Prof. Facebook

A recent blog post (or as Sabrina Dent would say, a blog) by Kristen Osenga (guest blogger at the legal group blog Concurring Opinions) contains quite a few ideas worth thinking about, and the comments are good too. Asking Are Law Professors Allowed to Have On-Line Friends?, she puts forward an edited version of a problem where a legal academic has got(ten) herself into trouble with her Dean over things posted on a (public) forum for knitters:

One day, on the board, Jill posts in a daily chitchat thread that she is having a miserable day because one of her students (unnamed) turned in an assignment of questionable quality.

Kristen (or Osenga, or Prof. Osenga – see, online communication messes with forms of address already!) puts forward a few different options that the diligent prof could avail of. I think the best answer, though, comes from one of the commenters (‘ER’), who says:

Jill could post more innocuous information, or statements she would be comfortable being overheard (by several million of her closest friends) saying aloud, while saving “friend” discussions of more sensitive sorts for the personal, one-to-one messaging (available in most any on-line forum) between her and individual members of her knitting board.

My online presence is a mix of different things. I have this blog, which is by now a fairly academic sort of place, so it would be unlikely that I’d raise an eyebrow about a student, other than at a very general level. My second blog is consciously ‘personal’ in tone and again reflects things that I do outside of my job (like Jill and her knitting), but other than perhaps casting doubt on my credibility and taste when it comes to music and the like, there’s unlikely to be anything there that would cause a student to feel uncomfortable enough to make a complaint! My Facebook account is private (i.e. you need to be a friend to see it, and the privacy settings are relatively high in terms of things like tagging and notification), but as my friends there are a mix of personal and professional contacts (including some former students from my tutorial teaching in Dublin, though no current students – that’s another debate that I’ll explore when I need to, but it hasn’t arisen yet), I tend to keep things relatively brief, and make use of messaging and Scrabble and the occasional wall post, and don’t really use status updates.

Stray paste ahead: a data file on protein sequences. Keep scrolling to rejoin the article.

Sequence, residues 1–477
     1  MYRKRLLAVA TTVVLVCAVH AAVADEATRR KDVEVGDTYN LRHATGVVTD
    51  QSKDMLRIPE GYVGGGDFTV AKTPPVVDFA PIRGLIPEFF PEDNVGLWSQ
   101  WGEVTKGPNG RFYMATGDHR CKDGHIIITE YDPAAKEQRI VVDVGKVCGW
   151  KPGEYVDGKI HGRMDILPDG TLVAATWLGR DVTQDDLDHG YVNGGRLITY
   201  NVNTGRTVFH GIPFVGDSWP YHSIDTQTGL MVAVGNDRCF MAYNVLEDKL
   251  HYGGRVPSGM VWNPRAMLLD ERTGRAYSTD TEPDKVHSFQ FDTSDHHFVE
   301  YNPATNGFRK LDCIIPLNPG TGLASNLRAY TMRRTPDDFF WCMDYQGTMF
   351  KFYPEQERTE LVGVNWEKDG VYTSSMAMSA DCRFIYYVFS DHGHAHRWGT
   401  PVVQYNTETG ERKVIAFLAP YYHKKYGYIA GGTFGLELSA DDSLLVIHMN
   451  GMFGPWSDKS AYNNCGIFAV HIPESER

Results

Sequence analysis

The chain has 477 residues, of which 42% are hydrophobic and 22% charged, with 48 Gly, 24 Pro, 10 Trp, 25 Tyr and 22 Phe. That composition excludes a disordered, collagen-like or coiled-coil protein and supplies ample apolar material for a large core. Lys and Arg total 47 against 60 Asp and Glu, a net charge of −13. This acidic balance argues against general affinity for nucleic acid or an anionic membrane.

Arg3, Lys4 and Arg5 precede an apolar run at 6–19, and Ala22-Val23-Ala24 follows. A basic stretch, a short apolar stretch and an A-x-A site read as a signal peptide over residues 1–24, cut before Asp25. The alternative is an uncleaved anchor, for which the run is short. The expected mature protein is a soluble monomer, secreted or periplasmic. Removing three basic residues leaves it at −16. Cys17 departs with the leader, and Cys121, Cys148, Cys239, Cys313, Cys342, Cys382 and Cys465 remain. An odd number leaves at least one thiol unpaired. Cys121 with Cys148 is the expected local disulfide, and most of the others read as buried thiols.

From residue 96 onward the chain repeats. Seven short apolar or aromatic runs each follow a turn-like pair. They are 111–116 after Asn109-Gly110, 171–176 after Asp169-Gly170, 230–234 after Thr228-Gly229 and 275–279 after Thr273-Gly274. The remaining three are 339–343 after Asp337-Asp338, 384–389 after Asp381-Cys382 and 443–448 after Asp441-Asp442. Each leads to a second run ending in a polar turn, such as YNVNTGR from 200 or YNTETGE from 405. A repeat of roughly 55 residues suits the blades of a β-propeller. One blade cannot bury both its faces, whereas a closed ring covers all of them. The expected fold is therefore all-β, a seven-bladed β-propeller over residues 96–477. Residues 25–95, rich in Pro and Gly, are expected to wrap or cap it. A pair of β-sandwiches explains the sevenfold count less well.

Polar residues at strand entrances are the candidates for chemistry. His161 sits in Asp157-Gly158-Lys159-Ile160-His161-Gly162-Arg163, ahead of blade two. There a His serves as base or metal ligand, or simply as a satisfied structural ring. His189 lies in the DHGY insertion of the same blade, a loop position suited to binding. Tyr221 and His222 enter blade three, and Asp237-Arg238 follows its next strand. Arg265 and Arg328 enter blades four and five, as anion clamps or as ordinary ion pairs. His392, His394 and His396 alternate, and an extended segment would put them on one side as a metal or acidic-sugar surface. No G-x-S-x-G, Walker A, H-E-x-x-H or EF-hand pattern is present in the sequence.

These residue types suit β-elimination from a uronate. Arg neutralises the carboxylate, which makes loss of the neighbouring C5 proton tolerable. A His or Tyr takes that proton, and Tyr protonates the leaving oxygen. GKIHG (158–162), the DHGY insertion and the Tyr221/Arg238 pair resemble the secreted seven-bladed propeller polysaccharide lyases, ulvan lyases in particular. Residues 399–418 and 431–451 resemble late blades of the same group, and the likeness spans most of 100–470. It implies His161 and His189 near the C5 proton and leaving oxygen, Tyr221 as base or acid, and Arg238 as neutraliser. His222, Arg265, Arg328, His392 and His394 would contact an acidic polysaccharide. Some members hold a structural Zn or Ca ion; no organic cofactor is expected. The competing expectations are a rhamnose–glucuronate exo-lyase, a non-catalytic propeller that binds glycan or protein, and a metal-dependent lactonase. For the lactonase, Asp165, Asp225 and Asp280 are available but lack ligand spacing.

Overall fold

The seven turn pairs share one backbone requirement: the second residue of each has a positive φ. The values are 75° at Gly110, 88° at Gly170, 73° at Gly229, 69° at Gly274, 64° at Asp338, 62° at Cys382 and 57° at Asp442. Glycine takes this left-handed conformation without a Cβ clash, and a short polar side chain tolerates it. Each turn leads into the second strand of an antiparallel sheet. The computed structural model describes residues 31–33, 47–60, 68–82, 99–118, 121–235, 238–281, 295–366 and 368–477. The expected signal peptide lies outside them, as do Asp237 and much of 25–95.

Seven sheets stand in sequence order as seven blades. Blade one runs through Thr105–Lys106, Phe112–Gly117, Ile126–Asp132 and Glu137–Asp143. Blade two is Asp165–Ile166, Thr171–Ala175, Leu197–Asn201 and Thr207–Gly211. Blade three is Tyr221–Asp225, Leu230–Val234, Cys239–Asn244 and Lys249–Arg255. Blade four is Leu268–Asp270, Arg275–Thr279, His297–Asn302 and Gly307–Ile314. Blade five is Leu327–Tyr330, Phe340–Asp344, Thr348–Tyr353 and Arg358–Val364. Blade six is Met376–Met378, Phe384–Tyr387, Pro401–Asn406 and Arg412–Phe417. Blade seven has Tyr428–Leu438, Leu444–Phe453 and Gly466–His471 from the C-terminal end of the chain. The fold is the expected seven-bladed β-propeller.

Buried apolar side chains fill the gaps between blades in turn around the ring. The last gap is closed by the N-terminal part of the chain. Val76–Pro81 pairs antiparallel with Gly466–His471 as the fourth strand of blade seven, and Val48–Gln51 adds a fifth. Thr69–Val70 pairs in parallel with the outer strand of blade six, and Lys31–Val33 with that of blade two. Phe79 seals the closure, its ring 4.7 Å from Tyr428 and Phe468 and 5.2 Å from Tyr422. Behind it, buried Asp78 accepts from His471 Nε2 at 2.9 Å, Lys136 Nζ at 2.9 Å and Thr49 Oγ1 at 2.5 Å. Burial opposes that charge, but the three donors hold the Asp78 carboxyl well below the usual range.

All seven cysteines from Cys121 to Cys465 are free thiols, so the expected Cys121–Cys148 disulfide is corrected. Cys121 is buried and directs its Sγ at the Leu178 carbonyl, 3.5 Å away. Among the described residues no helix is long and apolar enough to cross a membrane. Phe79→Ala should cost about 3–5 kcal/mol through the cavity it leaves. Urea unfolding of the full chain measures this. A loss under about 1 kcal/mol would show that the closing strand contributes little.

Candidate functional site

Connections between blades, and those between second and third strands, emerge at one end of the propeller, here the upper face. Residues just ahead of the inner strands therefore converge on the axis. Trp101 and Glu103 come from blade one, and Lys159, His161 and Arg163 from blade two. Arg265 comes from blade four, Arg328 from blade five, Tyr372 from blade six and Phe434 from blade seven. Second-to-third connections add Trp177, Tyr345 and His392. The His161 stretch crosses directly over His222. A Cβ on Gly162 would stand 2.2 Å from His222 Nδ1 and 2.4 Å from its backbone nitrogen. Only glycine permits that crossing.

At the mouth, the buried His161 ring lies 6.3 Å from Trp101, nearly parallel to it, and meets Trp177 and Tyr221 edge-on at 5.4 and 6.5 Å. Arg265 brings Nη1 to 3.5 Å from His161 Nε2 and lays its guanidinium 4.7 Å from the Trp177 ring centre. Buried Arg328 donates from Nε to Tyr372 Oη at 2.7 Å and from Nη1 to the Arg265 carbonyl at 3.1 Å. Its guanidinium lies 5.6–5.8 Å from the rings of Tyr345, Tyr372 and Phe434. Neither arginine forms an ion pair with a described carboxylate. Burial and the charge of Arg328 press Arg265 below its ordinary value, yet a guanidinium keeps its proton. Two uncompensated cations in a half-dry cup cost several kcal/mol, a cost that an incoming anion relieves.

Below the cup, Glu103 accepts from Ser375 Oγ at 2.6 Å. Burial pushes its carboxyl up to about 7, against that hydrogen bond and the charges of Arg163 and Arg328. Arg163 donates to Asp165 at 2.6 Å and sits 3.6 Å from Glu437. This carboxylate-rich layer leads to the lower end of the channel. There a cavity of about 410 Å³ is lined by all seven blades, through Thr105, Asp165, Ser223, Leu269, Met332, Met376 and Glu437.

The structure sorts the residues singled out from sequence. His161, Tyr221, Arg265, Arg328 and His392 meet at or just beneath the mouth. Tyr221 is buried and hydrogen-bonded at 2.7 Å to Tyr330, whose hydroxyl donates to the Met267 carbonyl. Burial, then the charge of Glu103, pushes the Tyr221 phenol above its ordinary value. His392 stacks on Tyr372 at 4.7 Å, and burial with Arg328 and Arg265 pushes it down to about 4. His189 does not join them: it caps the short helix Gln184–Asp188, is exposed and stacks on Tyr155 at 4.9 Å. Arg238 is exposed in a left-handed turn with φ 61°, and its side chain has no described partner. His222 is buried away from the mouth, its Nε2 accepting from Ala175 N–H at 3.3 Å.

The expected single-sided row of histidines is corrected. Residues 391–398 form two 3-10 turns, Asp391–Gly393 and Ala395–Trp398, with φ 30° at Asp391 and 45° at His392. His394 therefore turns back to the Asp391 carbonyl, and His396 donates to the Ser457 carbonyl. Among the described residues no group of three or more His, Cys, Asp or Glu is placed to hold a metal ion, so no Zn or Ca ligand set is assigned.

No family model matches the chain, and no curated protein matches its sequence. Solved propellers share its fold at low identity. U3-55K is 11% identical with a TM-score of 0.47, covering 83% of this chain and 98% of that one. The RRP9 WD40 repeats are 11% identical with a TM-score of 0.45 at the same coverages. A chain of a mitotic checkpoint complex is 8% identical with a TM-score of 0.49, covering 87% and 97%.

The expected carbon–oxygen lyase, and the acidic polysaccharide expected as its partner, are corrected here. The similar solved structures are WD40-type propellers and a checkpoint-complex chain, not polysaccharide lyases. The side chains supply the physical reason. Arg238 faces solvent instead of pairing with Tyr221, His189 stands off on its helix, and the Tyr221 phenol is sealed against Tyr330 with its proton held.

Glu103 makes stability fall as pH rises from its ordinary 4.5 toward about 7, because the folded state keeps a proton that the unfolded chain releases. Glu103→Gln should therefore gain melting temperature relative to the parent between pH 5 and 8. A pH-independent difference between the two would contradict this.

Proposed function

Of course, there are plenty of other things out there on the Internet, perhaps indicating political views and so on, but I see that as fairly unavoidable especially having been regularly online for over 10 years now. I think ER is right – if you choose your models with care then there aren’t really that many changes in behaviour necessary. I’m not saying that Jill’s comment was particularly deserving of censure – it seems fairly mild alright – but it’s an issue that can be avoided without too much difficulty. In any event, I’m very glad that Kristen wrote this post.

Your thoughts?

One single comment

  1. Mathias says:

    Well, my old-fashioned personal view is that I could happily live without a facebook account (which does not stop me from having one…). On the dangers of blogging http://leiterlawschool.typepad.com/leiter/2007/11/nothing-like-a-.html may of interest.
    See you tomorrow,
    Mathias

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